I wanted to take a moment and write a short post on what this means to me and go a little deeper than the promotional video above. Point B is 5th firm I’ve worked. I’ve had a chance to work for small companies and large companies. I’ve worked with different titles, organizational models, bosses, partners, and so on. I’m healthy skeptic and always want to know “what does that really mean?”

Passion for life

What attracts me to Point B, particularly now that we all literally own the company, is the passion that the owners have for the clients, company, and life. Earlier in my career, I thought that you had to put your head down and just work work work your way to mastery. As I mature in life, I realize that experiences makes for a better consultant. If there’s one thing that gets all Point B owners jazzed up, it’s travel. We are all lovers of life. That just sounds silly but the people here love living life. That passion comes across in the work that they do and in the ideas that they have. I’m finishing up this post as I’m about to head off to a three week trip to Italy. All the way up to the moment I’m about to pack my backs and to the moment I’m going to get back to work, my peers have my back. Many have provided great insights to my trip itinerary while others are rooting me on. It’s not just encouraged, but expected.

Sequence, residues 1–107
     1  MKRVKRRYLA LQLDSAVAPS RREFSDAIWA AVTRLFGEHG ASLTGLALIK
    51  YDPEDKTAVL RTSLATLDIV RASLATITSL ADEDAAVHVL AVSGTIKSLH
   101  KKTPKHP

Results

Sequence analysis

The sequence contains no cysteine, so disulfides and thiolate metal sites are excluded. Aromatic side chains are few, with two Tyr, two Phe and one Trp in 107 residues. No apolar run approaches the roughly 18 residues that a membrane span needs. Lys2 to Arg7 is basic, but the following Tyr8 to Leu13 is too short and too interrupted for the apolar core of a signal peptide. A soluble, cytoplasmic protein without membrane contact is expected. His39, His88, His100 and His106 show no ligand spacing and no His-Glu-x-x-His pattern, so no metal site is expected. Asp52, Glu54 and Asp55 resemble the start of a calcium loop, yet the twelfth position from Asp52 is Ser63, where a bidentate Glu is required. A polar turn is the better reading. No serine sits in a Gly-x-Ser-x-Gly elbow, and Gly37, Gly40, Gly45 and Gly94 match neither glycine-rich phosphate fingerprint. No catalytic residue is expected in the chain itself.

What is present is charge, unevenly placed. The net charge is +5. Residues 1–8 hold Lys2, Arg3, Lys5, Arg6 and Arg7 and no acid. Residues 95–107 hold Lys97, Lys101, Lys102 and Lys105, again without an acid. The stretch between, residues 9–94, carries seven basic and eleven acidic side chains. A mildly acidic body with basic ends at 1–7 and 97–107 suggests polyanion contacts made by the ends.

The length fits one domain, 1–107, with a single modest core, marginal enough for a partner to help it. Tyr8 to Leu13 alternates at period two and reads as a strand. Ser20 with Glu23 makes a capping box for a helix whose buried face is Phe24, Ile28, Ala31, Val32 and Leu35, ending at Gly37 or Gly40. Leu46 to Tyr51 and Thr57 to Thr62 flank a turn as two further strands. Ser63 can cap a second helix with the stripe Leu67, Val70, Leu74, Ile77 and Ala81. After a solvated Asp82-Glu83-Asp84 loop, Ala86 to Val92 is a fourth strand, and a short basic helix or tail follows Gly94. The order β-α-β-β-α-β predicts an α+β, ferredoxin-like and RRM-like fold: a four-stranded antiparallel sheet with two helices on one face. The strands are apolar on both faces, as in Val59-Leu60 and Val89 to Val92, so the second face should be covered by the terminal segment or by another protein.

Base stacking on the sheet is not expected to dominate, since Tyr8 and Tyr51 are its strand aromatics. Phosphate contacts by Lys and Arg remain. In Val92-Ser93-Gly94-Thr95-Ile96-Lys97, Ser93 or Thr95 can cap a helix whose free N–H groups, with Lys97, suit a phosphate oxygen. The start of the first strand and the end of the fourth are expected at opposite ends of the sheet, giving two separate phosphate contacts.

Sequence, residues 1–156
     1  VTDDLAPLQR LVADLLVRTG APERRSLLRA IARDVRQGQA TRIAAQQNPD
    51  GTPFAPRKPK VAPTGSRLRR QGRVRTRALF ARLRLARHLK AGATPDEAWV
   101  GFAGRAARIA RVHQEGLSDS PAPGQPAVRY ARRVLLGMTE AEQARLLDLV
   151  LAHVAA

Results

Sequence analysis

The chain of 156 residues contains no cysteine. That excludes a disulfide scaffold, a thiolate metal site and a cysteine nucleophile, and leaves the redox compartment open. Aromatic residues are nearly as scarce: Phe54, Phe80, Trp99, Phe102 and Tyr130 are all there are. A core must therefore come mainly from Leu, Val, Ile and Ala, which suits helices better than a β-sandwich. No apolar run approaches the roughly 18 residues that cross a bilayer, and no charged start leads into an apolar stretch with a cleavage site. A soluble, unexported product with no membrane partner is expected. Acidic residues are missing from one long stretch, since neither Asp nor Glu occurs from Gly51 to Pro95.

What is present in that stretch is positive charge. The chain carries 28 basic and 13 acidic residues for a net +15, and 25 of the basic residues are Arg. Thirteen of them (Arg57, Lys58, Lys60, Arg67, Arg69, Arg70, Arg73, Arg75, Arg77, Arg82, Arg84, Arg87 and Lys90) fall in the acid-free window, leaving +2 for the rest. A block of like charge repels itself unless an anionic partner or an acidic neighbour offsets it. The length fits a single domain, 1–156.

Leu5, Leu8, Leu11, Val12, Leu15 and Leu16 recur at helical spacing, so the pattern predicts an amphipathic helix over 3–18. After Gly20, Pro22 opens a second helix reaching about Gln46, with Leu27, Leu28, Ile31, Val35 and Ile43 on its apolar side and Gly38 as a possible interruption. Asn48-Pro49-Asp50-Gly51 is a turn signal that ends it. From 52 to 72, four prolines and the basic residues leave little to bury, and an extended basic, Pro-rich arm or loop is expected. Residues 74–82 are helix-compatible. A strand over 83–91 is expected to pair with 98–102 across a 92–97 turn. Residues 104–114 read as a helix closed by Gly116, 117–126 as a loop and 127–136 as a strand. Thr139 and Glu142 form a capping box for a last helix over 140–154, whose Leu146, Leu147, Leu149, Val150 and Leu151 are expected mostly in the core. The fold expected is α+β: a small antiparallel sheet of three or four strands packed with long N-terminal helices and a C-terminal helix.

Ownership mentality

Even before the ownership transition, Point B’ers always had an ownership mentality. From day one, the expense policy was use your professional judgment. That was a weird experience. I didn’t need a 20 page policy on what I can and can’t expense? When you treat everyone like professionals, they act like professionals. They don’t “max out” their benefits, they are stewards of the firm’s resources. It was a very tough mindset shift to go from doing what others tell you to do to doing what feels right. It takes a lot of heart to work in an environment like that.


In the video, I shared the importance of leaving a legacy behind. For me personally, a paycheck isn’t enough. There will never be enough raises and bonuses will never be enough. At the end of the day, it’s a feeling that the work you do is impactful and makes a difference is what matters to me. Beyond that, I want to create something that future generations can benefit from and create opportunities for others to seize. Looking back at early in my career, there were a handful that took the moment out to create opportunities, mentor, coach, and accelerated my career. At Point B, I’m surrounded by many of those people and now look forward to grabbing the torch and carrying that on.


Got a chance to grab a selfie with one of the founders, Darran Littlefield on a visit to Olympia, WA.

Daniel and Darran